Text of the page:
• Tutorial Video: Learn To Fly Here #4

    Learn To Fly Here #4 | The Constant Speed Propeller

    By thecorporatepilotdad

    Learn To Fly Here Video #4. The constant speed propeller is explained but also illustrated while in flight with the help of some graphics that move as controls and power settings change. The propeller control lever directly changes the pitch of the propeller blades and this video shows what happens to the blades while in flight. This video talks about how the propeller works and how to use it correctly.

    This video also talks about different propeller types such as climb and cruise props. How to set the propeller control and the order of throttle, prop lever, and mixture is demonstrated as well as the order of operation for increasing power.

    High and low pitch stops can make a constant speed propeller act like a fixed pitch propeller. This video explains why. It also explains why an aircraft like the Cirrus SR22 has a constant speed propeller but NO PROP LEVER.

    This video was made with Microsoft Flight Simulator and is for entertainment purposes only. Always consult applicable publications for real world applications concerning systems and limitations for specific aircraft.

    thecorporatepilotdad
    Youtube channel

    About The Author

    This video is produced by thecorporatepilotdad. He has been a FlightSim.Com member for close to twenty years and using Flight Simulator since back in the day of FS98 and FS2000. He is also a professional pilot with over 7000 hours of real world flight experience ranging from Cessna 152s to super-mid size business jets.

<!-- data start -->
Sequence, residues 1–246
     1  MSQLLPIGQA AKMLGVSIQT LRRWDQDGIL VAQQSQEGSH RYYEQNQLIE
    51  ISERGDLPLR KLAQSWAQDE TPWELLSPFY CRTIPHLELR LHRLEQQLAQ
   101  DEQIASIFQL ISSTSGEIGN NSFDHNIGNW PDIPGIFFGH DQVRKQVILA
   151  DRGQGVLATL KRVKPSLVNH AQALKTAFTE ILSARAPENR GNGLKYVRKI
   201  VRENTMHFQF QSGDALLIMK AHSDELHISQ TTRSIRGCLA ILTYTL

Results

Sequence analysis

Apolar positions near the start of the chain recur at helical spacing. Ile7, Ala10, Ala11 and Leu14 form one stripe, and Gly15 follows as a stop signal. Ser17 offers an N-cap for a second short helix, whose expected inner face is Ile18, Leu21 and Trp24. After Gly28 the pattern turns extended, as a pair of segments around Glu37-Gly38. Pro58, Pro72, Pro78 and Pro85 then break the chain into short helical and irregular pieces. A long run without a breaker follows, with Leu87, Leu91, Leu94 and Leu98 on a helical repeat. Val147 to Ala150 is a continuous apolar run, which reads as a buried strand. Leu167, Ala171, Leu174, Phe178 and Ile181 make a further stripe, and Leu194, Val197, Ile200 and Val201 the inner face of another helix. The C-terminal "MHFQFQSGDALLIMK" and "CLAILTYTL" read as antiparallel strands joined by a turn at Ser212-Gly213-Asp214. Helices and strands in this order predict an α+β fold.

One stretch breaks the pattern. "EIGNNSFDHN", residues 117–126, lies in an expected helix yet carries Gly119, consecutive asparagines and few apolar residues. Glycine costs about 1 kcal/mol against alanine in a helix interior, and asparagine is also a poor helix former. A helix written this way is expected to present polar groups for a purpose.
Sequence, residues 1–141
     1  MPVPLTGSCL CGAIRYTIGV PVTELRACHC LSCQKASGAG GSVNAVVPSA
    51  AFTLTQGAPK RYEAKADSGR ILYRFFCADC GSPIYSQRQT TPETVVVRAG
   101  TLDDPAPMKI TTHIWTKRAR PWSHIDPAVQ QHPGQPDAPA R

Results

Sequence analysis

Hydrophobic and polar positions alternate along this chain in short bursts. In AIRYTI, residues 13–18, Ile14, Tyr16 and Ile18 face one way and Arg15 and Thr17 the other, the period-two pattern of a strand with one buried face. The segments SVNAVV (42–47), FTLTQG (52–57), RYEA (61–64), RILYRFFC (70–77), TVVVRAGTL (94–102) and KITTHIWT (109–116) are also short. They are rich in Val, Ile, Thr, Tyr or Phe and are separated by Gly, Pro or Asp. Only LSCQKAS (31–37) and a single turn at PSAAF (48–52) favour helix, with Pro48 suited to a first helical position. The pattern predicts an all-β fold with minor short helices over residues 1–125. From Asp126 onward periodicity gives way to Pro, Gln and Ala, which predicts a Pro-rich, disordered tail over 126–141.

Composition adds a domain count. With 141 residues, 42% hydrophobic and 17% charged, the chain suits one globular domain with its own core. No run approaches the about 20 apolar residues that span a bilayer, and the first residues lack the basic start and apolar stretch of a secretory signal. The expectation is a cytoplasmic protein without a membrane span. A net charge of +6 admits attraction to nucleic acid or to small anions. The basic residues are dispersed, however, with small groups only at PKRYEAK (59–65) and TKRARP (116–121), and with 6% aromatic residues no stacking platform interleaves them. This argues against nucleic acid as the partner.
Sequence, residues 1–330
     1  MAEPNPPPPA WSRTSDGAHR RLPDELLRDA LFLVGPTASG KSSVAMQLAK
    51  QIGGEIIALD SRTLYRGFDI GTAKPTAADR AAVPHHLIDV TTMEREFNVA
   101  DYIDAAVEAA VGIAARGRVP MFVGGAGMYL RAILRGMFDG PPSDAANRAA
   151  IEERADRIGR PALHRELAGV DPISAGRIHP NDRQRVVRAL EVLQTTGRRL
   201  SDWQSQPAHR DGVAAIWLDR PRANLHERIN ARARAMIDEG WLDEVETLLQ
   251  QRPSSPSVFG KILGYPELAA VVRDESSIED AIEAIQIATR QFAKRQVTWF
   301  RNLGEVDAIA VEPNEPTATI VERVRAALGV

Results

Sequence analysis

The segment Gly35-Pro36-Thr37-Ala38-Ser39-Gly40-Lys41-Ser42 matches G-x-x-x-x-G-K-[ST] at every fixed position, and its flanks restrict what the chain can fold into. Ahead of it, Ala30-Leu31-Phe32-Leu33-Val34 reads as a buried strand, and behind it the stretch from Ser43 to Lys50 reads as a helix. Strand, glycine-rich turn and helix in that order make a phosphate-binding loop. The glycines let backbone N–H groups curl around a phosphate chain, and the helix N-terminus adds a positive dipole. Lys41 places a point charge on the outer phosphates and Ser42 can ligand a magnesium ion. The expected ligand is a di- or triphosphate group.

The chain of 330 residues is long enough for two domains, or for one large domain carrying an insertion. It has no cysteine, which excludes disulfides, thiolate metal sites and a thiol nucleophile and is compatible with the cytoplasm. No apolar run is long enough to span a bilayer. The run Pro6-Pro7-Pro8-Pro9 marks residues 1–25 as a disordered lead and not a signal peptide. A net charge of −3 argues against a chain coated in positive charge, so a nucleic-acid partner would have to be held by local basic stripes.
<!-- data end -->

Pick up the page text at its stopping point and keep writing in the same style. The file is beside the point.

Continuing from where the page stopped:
3 Comments
    1. lnuss's Avatar
      lnuss -
      Neat. Nicely done. I don't know how many times over the years the question has been asked about how to use the CS prop, but this answers that very nicely -- thanks.

      I thought I'd add one item that folks are not likely to see in the sim -- electric prop pitch adjustment (not constant speed). The very early Bonanzas (1947-195?, through the E, perhaps G model on some) had an electrically adjustable propeller (some other makes did, too) which used a panel switch to increase or decrease the prop pitch (awkward when you're used to a constant speed), but no governor or automatic pitch control, thus a bit like the ground-adjustable you mentioned but adjustable in flight, also -- the pilot is the "governor."
    1. thecorporatepilotdad's Avatar
      thecorporatepilotdad -
      The animated prop image helps a lot. This video has been on my agenda for a couple of months but not until a few weeks ago did the animated prop blade idea come up. I had to figure out how to do all that animating to have it make sense and it worked out nicely.
    1. lnuss's Avatar
      lnuss -
      You did it well -- thanks.
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